Maine member of Trump voter fraud commission is pretty unhappy

President Trump’s controversial voter fraud commission met in New Hampshire yesterday, but not before its vice-chair and de facto leader claimed, based on an erroneous understanding of state law, that the 2016 US Senate election there had been “stolen.” And while the meeting was underway, an email surfaced revealing that one of the commissioners had expressed outrage that Democrats or “mainstream Republicans” would be appointed to the body.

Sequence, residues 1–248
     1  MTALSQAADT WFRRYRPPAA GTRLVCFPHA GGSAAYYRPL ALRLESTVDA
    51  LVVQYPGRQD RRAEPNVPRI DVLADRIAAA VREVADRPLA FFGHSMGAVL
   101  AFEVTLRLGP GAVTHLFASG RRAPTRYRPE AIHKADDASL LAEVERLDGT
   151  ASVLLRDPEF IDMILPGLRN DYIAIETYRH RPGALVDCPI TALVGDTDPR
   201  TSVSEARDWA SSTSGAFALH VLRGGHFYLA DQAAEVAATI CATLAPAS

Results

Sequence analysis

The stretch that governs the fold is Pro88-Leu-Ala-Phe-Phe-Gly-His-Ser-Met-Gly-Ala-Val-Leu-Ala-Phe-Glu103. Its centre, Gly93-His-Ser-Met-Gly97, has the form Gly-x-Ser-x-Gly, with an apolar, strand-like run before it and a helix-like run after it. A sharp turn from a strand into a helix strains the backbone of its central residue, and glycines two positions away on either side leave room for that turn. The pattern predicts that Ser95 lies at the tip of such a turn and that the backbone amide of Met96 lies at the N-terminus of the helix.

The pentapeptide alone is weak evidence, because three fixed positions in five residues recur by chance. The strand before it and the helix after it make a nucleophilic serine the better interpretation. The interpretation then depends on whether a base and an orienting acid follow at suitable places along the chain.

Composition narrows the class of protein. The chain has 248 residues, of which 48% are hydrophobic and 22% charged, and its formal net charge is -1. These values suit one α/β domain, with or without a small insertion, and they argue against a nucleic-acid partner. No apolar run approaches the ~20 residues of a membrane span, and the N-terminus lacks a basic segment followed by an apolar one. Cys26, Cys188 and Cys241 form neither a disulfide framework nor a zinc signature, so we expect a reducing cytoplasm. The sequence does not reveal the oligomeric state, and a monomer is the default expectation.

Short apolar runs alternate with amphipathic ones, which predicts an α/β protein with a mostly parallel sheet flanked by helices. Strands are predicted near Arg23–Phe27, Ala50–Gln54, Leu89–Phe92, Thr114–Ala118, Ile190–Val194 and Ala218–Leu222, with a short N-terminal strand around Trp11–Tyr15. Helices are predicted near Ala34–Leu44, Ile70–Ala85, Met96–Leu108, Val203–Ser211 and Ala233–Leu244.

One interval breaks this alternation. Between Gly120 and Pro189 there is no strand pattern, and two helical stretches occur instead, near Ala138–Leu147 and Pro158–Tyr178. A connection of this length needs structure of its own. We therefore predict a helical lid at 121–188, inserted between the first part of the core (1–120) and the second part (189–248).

It was all a bit too much for Maine Secretary of State Matthew Dunlap, a member of the commission who has been frustrating many fellow Democrats with his “wait and see” stance on its trajectory. As I report in tomorrow’s Portland Press Herald, Dunlap called the allegations of a “stolen” election in New Hampshire “absurd” and says he now realizes that the majority view on the commission is that “fraud” is making it easy for people they don’t like to vote.
I’ve been covering the commission regularly, including a story just a few days ago on how it has been using private email accounts to conduct official business, a possible violation of federal public records laws.

[Update, 11/18/17: Dunlap has now sued the commission and asked for an injunction. For more updated coverage, start here.]